Cracked floor tiles, broken windows, rusty rails, old things, and a museum in one room. Still lucrative huh.

There's nothing much to do here but take pictures and goof around. But the ancient feeling of this lighthouse is uncanny. And yeah, pretty. :)

It's a good spot for siesta. Look at Sarah, you can actually lie here like that all day. :) If you're around 20's, this lighthouse is older than your grandpa. It's the prettiest lighthouse I've seen yet.


It was empty when we went there. Kuya Alvin said it's a picnic place. It's where most locals spend their lazy weekends or holidays to cool down and goof around. It's a place where you can play with the water and some big stones.

The huge rocks look pretty especially with those algae on top that helped it look like the icing of the stone. Maraming coconut trees. There are cottages if you opt to stay longer. The water is so cool, you could bask under the heat of the sun submerged in the cold spring. No entrance fee. Donation lang.


Kuya Alvin sure knows a lot. He's been in Pagudpud all his life. I don't remember much about what he said, but from stock knowledge, the Patapat Viaduct was constructed as an alternative road to connect Pagudpud to Cagayan Valley. The old road by the cliff was accident prone. And by accident prone, it meant FREQUENT accidents happened there. Hence, Ferdinand Marcos initiated the construction of the viaduct. He sure had contributed a lot to Ilocos. The Marcoses used to be the gods here. Also, this Patapat Viaduct was the second bridge Marcos built after San Juanico Bridge, and the 4th longest bridge of the country to date.

This pretty bridge cuts the glistening sea and its waves on one side and the beautiful mountains on the other side. It's a happy road for happy drivers.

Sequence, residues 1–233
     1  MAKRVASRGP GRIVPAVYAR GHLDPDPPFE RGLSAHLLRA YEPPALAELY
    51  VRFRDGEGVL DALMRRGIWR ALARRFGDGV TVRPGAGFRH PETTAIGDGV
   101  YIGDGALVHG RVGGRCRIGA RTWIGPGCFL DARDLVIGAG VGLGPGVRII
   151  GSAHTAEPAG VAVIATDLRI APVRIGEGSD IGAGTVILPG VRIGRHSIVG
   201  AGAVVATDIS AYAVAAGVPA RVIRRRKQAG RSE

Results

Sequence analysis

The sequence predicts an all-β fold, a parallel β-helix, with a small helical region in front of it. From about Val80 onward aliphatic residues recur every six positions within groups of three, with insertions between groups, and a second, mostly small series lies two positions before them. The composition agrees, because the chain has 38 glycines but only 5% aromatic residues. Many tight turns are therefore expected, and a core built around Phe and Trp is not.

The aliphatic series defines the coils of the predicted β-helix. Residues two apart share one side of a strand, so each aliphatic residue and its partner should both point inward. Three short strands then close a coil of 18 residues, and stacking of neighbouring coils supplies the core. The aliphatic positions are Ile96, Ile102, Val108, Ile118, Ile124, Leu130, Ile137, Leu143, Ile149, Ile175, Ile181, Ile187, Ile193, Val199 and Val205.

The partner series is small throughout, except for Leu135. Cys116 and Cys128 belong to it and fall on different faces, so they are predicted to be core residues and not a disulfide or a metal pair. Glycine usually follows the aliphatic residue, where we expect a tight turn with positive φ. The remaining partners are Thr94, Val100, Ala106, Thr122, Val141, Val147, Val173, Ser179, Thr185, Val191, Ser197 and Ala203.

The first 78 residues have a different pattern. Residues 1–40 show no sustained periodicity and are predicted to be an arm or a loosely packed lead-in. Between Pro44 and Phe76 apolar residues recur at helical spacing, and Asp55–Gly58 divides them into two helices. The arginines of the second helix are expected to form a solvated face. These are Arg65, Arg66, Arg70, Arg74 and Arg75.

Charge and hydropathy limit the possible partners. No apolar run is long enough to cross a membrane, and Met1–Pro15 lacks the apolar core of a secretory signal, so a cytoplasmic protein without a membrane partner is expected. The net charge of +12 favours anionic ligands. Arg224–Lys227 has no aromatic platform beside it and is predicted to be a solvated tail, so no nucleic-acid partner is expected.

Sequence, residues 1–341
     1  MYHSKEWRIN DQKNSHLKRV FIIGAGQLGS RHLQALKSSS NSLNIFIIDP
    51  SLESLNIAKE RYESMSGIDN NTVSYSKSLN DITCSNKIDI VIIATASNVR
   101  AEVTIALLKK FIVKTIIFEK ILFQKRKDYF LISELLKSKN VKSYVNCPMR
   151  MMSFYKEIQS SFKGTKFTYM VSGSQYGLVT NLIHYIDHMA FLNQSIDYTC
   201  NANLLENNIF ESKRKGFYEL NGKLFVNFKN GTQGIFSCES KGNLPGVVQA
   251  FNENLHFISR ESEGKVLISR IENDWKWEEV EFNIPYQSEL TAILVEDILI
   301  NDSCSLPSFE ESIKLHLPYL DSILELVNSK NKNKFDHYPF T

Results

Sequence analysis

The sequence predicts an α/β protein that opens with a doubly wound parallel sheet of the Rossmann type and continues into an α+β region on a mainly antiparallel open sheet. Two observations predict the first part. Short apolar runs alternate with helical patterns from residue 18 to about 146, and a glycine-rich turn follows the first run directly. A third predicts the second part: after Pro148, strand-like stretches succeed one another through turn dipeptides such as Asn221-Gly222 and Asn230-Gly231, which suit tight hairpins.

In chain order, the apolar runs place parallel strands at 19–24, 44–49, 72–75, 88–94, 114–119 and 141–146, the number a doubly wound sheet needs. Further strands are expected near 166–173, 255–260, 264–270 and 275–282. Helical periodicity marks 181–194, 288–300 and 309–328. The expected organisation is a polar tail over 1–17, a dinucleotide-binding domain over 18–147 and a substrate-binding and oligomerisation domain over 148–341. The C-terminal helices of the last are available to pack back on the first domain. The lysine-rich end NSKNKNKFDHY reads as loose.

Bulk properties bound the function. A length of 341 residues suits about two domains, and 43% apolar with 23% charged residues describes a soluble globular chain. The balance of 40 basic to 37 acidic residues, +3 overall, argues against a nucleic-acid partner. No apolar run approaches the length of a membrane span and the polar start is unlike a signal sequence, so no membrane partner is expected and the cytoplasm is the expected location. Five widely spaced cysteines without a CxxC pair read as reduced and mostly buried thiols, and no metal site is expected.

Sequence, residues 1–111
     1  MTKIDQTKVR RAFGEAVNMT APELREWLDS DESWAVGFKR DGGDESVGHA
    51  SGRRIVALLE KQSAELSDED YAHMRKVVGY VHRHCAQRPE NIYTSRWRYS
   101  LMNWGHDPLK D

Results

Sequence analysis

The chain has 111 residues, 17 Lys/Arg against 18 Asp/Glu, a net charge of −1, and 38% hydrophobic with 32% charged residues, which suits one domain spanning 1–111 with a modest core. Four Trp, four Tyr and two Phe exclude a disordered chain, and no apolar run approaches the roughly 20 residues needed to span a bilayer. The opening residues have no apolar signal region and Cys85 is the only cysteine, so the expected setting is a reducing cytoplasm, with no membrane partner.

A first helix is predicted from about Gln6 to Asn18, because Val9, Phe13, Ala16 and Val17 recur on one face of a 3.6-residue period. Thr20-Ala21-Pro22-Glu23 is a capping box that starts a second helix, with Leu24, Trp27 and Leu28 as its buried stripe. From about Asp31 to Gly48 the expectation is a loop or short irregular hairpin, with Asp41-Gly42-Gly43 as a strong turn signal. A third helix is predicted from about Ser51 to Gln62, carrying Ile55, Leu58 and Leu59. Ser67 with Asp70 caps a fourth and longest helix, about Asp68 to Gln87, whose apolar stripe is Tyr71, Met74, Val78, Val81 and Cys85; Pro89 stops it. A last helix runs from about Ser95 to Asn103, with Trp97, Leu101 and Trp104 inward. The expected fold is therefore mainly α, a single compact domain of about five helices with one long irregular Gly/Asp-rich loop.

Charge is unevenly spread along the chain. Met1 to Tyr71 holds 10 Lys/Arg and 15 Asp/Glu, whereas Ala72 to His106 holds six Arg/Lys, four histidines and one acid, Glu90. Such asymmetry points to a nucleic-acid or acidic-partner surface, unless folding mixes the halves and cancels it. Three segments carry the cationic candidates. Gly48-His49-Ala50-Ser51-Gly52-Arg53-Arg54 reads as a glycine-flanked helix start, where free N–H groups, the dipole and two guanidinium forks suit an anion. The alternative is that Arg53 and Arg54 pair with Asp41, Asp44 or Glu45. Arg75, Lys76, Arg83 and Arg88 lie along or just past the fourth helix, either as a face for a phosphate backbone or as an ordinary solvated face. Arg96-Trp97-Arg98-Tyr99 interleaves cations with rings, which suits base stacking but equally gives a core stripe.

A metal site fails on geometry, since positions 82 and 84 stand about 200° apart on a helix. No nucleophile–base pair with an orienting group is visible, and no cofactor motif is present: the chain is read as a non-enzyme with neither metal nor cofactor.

BANTAY in Ilocano means hill. ABOT means hole. From the name itself, it's self-explanatory. Bantay-Abot cave is a hill with a hole. In Bisaya, the words would mean differently.

The structure is tasty. Because from afar it looks like a giant, sunken donut. :P

Before reaching the cave, this small mound is also a structure of wonder, and it looks like a giant poop with some fungi, lol.

I think Pagudpud used to be a home of strong forces of nature that structures like the Kapurpurawan Rocks and this scaled down Bantay-Abot cave were formed. Probably, hundreds of years ago, Pagudpud used to be submerged underwater that it took the waters that much time to shape such structures for the tourism market. Call it a dorky theory.

Facing the viaduct, the cave is a window to a picturesque landscape view of the Cordillera Mountains. Too bad I missed to snap a panoramic shot of it. So just better visit Pagudpud and see it for yourself, K??

The picturesque view of this side of Pagudpud from the cave is just cozy. I could bring a sun bench and switch glances with the view and a good book here all day. And the ocean is blue and sparkly. Kuya Alvin said those were small jelly fish giving off the glow. Bioluminescence I say.

The road from the cave leads to Maira-ira Beach, a.k.a, the Blue Lagoon, a.k.a, Malingay Cove. This is where paddling and surfing are famed for. I've just read it in SMILE magazines. The waves are practical for surfing. And it's more scenic than Saud too. The downside of this beachside though are its rocky areas. I've just read all those. We weren't able to see or feel what it was like to stay there even for a few minutes. It was getting dark. I was getting hungry. :P


Read previous posts.
(1) Hot Air Balloon Festival
(2) Guns and Aircrafts
(3) Trekking Mount Pinatubo
(4) Experience | Pinatubo
(5) The Odd One to Ilocos
(6) Sights and Scenes | Pagudpud (1)

1 comment:

  1. it is indeed more fun in the Philippines great shots you've got there